By Simon Spichak, MSc |
January 17th, 2022
It seems like, following the FDA’s controversial July 2021 approval of Biogen’s Alzheimer’s drug Aduhelm, everyone is mad at someone. Here are the main reasons why.
The Alzheimer’s Association:
- Helped assemble a 2018 consortium that led to a biomarker-based definition of Alzheimer’s, controversial because most neurological diseases are still diagnosed through symptoms.
- Lobbied the FDA to approve Aduhelm, even though the trials did not reliably show that the drug reduced cognitive impairment.
- Called the CMS decision discriminatory because it limits access for marginalized groups. Critics say this feels contradictory, considering the organization lobbied for Aduhelm’s approval despite that its clinical trials lacked racial diversity.
Aduhelm’s drugmaker, Biogen:
- Has not included a diverse population in Aduhelm clinical trials even though Hispanic and African American populations are at a higher risk. It is also unclear whether the drug works similarly in these populations.
- Started Project Onyx to lobby the FDA and receive approval for Aduhelm despite cloudy efficacy data.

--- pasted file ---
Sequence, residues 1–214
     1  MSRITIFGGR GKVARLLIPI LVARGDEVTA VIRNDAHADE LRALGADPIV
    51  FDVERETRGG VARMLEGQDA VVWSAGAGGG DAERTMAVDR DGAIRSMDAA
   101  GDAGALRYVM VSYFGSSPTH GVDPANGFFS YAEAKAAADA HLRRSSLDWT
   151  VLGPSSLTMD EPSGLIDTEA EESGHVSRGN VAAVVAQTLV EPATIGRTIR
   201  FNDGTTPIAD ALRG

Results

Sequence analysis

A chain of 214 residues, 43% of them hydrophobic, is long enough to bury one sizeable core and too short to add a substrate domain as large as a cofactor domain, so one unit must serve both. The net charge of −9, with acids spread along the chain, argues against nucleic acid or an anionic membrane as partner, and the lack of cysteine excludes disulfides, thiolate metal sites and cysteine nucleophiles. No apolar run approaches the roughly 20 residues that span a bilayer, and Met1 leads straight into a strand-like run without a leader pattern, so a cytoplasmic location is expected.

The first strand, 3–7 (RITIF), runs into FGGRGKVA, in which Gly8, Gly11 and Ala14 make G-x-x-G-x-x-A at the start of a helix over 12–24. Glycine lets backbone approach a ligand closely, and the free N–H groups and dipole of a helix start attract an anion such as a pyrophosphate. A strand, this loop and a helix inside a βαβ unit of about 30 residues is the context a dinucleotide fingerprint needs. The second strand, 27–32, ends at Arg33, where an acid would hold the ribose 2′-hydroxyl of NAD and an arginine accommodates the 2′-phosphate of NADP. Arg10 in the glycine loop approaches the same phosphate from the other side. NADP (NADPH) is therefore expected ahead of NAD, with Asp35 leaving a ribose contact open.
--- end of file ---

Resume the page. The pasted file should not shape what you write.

- Had back-channel meetings with the FDA that have triggered a congressional investigation.
- Initially marketed Adulem at $56,000 — much higher than the fair price estimated by an independent third party.
- Slashed the drug’s price in half amid poor sales and rejection by regulating agencies in Europe and Japan.
- Internal strife at the company following Aduhelm’s approval.
The Food and Drug Administration:
- Originally approved Aduhelm as a broad-label treatment even though it had been tested in mild Alzheimer’s. The FDA later walked back the broad-label.
- Had back-channel meetings with Biogen that have triggered a congressional investigation after the backlash from the public, scientists and even the-then chief of the FDA, Janet Woodcock.
- Approved Aduhelm with accelerated approval despite objections from biostatisticians and an expert panel.
- Three members of the advisory panel resigned in protest of the approval.
- Approval was based on biomarkers rather than differences in cognitive impairment. For drugs passing through the accelerated approval pathway, this is allowed as long as these outcomes can predict a real clinical benefit. However, it is debatable whether clearing amyloid actually slows the rate of cognitive decline.
- Contradicted in its Aduhelm approval decision by subsequent rejections from European and Japanese regulators.
- Initially waffled about whether it would cover Aduhelm, leaving patients and families in limbo.
- Increased the price of Medicare premiums for all subscribers — blaming Aduhelm costs, despite very low Aduhelm sales — before ultimately announcing its decision to dramatically limit coverage of the drug.
- Announced plans to only cover Aduhelm for people enrolled in a CMS-approved clinical trial of the drug’s efficacy, despite that Biogen is already running such a trial.
- Undermined the authority of the FDA in announcing its own make-or-break vetting process for Aduhelm and all other Alzheimer’s monoclonal anti-amyloid therapies to follow.
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